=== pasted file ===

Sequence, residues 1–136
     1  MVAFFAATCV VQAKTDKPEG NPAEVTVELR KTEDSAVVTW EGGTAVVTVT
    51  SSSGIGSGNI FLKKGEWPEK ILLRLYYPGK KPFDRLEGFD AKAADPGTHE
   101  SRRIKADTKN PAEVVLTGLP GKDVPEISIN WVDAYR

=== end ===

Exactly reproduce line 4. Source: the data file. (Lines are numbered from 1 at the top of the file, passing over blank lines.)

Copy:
   101  SRRIKADTKN PAEVVLTGLP GKDVPEISIN WVDAYR